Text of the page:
This book comes at a timely moment for me, as pastor of a church that is concerned about continuing a pattern of godly, biblical training for all ages. For the last 15 years, we've attempted (not without struggles, mind you) to create a more favorable multi-generational approach to Christian Education. We don't want our children to feel isolated. This is the problem that so often leads to teens abandoning the church once they've left home--they've never been made to feel like they belong there in the first place. We also want our parents to realize that what we offer at the church is not to be the frontline of discipleship for their children: they are!

Trained in the Fear of God might not be the easiest book to read, at least in the opening portion, as the authors lay out some of the historical background, but if you're willing to dig deep here, it lays a good foundation for where we need to go next. The practical sections will give the most help, but don't neglect the foundational building blocks of the theological reasons "why" we should be involved in family-equipping ministry. If you just jump to the "how to's" you'll simply be adding programs to your church--something you don't need to do.

I would recommend this book to leaders within churches, both vocational and lay leaders. I'm convinced the future demands that we take this approach. I recommend it for parents as well, but my initial thought is they may need encouragement to stick with the reading. It almost comes across as more of an academic, college-class-type of approach and most moms and dads aren't going to tackle something on that level, especially if they're feeling "desperate."
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Format: Paperback
In nearly ever church I've attended, I have noticed the alarming problem of faith being lost from one generation to the next. Children raised by godly parents seem to have no true concept of faith on their own, missing the relationship that seemed so vibrant in their parents. What could possibly have gone wrong?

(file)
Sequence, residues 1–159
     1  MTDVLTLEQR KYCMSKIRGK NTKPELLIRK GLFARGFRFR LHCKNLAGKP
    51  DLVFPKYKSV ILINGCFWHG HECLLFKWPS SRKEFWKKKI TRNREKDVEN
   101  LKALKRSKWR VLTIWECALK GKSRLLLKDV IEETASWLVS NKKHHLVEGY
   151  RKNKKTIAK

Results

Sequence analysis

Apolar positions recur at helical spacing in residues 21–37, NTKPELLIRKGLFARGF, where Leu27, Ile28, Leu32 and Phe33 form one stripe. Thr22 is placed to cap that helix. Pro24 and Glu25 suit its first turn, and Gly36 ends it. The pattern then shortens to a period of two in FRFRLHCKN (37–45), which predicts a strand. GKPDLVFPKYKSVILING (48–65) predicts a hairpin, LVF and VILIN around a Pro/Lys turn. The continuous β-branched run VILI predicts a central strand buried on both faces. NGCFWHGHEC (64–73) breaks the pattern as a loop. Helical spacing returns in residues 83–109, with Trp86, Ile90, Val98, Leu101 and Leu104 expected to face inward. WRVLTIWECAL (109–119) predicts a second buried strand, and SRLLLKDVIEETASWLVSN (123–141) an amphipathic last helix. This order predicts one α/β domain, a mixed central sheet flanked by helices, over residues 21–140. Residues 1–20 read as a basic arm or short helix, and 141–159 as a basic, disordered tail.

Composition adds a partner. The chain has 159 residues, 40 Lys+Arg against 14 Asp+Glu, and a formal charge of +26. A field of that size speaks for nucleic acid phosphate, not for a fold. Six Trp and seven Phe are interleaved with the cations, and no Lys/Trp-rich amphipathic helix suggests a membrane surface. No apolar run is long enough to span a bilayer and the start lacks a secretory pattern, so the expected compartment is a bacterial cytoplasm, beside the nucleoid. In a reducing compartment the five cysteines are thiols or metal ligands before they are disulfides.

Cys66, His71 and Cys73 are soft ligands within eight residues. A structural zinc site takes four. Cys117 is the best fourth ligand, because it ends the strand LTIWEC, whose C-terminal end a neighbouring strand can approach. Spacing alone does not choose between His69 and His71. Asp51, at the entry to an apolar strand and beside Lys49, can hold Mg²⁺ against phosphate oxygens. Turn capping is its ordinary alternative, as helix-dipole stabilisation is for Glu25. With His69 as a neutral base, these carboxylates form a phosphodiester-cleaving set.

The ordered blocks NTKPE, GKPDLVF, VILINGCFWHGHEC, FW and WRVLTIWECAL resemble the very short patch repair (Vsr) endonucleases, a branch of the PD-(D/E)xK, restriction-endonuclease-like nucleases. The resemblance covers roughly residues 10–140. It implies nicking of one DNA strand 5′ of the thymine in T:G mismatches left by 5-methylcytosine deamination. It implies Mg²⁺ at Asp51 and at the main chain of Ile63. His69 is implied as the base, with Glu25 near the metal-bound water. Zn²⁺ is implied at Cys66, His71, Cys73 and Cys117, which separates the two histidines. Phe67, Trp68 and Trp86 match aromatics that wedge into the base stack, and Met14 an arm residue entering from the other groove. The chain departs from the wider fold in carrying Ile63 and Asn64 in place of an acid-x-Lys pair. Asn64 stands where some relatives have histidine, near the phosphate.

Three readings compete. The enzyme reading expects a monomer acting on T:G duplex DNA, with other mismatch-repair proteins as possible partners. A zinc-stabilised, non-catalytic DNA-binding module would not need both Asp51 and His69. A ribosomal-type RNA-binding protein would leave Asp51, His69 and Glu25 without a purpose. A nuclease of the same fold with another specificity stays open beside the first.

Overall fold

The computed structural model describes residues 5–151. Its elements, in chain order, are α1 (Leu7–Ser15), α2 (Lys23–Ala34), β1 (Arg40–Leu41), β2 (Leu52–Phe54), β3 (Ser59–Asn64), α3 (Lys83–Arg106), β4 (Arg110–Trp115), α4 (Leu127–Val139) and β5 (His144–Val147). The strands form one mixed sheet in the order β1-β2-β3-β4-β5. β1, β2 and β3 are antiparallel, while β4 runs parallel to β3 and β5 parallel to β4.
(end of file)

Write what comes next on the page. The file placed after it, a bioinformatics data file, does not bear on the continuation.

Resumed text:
The answer is discipleship - or, rather, a lack thereof. Parents often live unaware of the need to disciple their children at home. Instead, they entrust their children to programs of the church. Regardless of the inherent success of those programs, they are only intended to be reinforcements of what is taught on a daily basis in the home. If nothing is taught at home, true discipleship is lacking.

Trained in the Fear of God, edited by Randy Stinson and Timothy Paul Jones, is a collection of thoughts from a variety of authors who are concerned about the lack of family discipleship.

The target audience for Trained in the Fear of God is church leadership. The goal is to educate and equip church leaders with the foundational resources necessary to equip families to disciple in their own homes. But, I can see this book being equally useful in the hands of any church member. One family living out discipleship in their own home could have an incredible impact on other families in the church.

Trained in the Fear of God is divided into three parts.

Part one covers the Biblical and theological framework for in-home discipleship, laying the ground work for why it is essential for parents to train up their own children.
Part two deals with family discipleship in the historical context, moving through church history to show where discipleship has and has not been evident.